Occupational Safety and Health Administration

Most states have issued some form of ‘shelter in place’ or ‘stay at home’ order to flatten the curve of COVID-19. As a result, many business operations have been temporarily suspended, unless the business is engaged in essential or critical infrastructure functions or supports businesses engaged in such functions.

For businesses that are considered ‘essential’

On October 11, 2016, the Occupational Safety and Health Administration published a final rule that establishes procedures and time frames for handling whistleblower complaints under the Affordable Care Act (ACA); for hearings before US Department of Labor (DOL) administrative law judges in ACA retaliation cases; review of those decisions by the DOL Administrative Review Board;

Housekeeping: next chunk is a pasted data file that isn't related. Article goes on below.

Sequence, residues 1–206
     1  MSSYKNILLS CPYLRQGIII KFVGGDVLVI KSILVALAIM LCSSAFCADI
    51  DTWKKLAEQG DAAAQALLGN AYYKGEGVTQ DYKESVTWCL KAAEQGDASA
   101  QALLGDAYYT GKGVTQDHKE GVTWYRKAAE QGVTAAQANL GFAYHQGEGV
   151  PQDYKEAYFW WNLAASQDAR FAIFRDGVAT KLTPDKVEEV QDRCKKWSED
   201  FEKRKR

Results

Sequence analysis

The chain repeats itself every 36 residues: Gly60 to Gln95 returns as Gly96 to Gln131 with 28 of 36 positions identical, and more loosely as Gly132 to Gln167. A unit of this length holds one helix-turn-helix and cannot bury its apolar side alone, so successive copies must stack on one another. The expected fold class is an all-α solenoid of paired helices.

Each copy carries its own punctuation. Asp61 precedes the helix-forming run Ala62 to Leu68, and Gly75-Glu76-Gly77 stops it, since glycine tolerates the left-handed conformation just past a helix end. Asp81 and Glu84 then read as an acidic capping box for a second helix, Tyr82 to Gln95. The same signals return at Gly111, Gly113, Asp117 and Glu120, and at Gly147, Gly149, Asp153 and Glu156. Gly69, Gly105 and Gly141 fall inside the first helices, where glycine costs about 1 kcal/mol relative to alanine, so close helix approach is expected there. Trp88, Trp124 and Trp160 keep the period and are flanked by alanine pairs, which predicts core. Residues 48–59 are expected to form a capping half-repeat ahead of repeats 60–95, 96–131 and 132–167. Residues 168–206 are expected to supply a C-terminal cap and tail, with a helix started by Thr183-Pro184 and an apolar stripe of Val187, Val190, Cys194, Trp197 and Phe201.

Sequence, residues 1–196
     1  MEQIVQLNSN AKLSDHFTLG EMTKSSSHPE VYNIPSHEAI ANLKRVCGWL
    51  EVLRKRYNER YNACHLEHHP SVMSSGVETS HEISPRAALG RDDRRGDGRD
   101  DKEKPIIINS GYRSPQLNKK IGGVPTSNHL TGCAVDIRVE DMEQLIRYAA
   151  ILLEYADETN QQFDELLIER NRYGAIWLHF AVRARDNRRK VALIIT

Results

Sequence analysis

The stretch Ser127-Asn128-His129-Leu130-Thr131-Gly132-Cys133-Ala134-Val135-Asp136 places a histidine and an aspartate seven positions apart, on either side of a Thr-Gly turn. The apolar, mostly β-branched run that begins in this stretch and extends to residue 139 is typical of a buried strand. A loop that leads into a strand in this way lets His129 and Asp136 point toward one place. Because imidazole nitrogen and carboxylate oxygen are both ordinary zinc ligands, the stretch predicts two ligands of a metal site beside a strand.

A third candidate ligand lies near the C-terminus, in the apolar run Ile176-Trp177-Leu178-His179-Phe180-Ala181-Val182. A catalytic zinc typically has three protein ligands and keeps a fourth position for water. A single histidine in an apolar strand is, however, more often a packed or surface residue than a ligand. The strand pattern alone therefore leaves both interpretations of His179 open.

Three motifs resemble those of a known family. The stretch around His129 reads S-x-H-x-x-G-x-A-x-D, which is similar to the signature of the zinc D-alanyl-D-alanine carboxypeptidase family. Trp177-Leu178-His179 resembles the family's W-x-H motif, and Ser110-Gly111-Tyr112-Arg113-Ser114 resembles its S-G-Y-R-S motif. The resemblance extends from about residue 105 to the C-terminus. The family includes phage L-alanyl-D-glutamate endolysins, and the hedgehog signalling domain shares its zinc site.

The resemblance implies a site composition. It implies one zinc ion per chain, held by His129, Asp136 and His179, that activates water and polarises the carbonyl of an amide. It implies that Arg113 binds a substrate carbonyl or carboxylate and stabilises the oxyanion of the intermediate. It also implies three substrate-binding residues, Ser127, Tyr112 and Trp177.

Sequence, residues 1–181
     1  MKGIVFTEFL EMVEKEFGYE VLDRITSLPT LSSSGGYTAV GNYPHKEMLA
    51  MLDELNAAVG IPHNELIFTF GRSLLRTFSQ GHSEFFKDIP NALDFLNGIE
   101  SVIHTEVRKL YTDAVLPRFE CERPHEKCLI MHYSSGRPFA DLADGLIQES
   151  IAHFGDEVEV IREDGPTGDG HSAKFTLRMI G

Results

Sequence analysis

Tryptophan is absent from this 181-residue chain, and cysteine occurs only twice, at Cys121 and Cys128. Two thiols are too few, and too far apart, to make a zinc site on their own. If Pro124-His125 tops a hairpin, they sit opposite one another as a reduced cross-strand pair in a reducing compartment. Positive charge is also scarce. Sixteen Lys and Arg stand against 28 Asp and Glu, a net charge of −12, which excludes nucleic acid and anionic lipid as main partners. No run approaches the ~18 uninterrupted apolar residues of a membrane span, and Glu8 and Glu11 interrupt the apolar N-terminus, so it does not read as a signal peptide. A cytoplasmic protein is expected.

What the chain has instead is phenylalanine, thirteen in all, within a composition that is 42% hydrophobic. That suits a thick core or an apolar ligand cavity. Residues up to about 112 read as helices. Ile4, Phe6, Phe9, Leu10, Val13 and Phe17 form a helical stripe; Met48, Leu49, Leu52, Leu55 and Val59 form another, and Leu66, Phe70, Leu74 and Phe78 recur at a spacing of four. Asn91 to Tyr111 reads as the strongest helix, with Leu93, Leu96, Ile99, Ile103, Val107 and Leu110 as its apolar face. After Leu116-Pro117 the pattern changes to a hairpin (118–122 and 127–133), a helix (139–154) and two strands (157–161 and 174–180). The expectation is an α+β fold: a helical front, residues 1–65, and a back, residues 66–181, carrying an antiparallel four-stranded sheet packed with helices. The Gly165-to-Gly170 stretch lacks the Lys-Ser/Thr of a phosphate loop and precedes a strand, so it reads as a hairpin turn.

On July 1, 2016, Occupational Safety and Health Administration (OSHA) increased the maximum penalties under the Occupational Safety and Health Act by about 78 percent to account for inflation. Acting under authority conferred by the Federal Civil Penalties Inflation Adjustment Act Improvements Act of 2015, Pub. L. 114-74, 701 (part of the Bipartisan Budget Act